United States Senate Democrats (Feb 9) – ‘[Senate Majority Leader Harry] Reid Outlines Process For Cybersecurity Legislation, Including “Fair and Open” Amendment Process [in letter to US Chamber of Commerce CEO Tom Donohue]’:
http://democrats.senate.gov/2012/02/09/reid-outlines-process-for-cybersecurity-legislation-including-%E2%80%9Cfair-and-open%E2%80%9D-amendment-process/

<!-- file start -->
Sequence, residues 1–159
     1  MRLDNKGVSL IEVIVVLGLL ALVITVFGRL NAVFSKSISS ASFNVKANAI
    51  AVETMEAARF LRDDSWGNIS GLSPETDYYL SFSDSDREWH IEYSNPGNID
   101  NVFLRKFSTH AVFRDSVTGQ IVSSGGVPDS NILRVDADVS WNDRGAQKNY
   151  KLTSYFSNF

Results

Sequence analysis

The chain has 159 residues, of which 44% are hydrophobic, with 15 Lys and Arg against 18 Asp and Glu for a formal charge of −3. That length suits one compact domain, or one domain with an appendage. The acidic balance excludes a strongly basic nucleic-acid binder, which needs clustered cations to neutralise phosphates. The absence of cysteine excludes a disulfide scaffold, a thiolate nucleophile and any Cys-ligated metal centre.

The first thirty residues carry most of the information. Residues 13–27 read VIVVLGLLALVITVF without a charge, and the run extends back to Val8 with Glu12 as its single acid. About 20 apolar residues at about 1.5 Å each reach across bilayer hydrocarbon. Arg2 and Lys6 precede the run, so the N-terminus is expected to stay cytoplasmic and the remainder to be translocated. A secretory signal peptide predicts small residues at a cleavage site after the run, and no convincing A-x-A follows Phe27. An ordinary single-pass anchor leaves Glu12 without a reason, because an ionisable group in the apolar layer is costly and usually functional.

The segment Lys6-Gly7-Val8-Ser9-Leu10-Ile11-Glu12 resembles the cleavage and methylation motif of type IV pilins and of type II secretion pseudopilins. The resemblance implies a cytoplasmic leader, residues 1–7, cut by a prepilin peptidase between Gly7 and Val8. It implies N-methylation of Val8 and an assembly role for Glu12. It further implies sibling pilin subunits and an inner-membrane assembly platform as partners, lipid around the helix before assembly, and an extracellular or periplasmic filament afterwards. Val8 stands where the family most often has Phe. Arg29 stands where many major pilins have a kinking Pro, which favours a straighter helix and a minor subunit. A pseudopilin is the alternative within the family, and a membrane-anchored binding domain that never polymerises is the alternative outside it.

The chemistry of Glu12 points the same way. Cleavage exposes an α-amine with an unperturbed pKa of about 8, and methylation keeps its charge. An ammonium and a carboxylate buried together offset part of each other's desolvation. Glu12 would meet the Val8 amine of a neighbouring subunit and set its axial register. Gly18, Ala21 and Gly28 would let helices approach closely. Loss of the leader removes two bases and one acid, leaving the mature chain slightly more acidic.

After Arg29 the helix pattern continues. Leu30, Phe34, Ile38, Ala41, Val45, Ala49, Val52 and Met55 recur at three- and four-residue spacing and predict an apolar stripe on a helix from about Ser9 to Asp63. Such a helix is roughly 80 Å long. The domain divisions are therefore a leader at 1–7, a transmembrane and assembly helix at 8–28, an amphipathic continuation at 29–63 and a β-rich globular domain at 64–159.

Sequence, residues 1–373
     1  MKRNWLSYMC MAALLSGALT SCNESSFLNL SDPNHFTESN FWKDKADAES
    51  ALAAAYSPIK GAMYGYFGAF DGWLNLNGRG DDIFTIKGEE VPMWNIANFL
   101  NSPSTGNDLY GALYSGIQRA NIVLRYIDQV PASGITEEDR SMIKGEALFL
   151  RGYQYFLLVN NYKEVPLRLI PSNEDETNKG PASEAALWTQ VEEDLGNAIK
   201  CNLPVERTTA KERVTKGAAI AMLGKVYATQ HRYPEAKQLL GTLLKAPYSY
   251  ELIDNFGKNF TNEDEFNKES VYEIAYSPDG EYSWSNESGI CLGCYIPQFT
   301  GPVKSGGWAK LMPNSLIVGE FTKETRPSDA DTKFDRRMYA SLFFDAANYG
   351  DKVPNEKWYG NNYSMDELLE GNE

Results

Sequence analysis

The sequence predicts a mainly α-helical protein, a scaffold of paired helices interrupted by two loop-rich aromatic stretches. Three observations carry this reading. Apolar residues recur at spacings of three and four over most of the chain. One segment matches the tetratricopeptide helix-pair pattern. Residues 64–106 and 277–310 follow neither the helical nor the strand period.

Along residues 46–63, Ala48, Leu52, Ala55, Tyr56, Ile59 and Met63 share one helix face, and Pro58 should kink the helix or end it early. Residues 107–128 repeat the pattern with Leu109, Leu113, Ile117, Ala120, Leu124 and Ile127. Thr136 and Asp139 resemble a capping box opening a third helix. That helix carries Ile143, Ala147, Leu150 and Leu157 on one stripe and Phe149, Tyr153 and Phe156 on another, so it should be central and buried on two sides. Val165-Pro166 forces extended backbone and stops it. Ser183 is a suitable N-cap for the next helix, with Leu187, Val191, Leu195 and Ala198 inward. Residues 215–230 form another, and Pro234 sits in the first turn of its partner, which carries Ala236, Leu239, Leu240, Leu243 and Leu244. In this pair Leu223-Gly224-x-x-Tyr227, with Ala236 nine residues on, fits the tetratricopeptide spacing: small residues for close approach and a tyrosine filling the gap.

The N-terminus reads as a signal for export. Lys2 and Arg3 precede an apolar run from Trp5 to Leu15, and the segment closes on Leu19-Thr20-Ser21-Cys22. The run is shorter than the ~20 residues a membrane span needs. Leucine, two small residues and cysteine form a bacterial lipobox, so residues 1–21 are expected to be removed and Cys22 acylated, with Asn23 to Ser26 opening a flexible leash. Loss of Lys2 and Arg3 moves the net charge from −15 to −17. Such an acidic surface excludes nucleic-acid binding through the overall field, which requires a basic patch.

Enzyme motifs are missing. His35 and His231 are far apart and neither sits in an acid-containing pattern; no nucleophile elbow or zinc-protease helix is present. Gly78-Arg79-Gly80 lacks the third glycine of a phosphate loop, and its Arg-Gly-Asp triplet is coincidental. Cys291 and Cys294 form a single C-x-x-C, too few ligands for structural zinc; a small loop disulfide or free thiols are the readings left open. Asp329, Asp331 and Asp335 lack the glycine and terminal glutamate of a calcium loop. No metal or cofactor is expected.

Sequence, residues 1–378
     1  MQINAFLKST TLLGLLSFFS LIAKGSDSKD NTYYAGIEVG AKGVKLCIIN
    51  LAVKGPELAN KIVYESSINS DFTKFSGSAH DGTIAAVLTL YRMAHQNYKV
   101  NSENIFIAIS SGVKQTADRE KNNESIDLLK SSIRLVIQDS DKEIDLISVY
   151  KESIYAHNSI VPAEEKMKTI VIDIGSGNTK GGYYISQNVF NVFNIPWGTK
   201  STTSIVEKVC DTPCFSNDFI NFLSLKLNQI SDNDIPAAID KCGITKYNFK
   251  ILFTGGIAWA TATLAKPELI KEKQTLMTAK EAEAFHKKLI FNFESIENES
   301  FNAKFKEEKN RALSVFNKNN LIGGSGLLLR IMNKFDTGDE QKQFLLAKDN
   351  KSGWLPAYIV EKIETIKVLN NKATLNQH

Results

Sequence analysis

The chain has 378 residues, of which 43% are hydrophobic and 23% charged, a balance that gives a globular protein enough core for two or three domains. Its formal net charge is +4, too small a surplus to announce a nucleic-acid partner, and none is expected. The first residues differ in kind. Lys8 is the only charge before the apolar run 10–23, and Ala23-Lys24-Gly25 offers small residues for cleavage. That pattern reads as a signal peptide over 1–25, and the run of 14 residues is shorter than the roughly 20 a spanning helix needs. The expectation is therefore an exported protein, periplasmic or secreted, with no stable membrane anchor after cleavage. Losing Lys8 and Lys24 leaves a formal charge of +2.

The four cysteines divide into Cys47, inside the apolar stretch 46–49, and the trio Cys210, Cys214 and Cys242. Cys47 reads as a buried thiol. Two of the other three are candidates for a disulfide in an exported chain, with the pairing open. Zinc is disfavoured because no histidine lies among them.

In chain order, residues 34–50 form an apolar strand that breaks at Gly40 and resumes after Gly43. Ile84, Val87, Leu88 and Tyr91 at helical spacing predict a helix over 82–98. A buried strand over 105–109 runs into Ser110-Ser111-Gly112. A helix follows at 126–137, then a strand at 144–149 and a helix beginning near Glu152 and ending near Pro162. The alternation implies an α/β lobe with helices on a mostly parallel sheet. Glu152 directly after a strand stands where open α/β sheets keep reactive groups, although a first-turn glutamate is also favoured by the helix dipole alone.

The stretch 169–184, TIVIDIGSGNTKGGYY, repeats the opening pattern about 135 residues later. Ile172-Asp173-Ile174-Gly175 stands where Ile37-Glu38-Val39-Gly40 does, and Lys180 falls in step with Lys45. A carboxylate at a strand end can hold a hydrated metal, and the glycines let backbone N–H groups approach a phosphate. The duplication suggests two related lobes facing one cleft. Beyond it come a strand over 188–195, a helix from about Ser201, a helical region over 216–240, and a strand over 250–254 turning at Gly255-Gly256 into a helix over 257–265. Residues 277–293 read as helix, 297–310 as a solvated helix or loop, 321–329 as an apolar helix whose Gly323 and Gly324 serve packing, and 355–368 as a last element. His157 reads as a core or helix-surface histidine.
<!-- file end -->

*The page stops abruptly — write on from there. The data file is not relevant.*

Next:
I was struck by the testimony of the leaders of our Intelligence Community at recent Intelligence Committee hearings. Director of National Intelligence James Clapper called cyber security “a profound threat to this country, to its future, its economy, and its very being.” And Robert Mueller, Director of the Federal Bureau of Investigation (FBI), stated that, “stopping terrorist attacks with the FBI is the present number one priority, but down the road, the cyberthreat, which cuts across all programs, will be the number one threat to the country.” Think about that: in the years to come, malicious cyber activity will pose a threat to our country greater than terrorism. We simply cannot afford to repeat the mistakes of the past by failing to prepare for the leading threats of the future.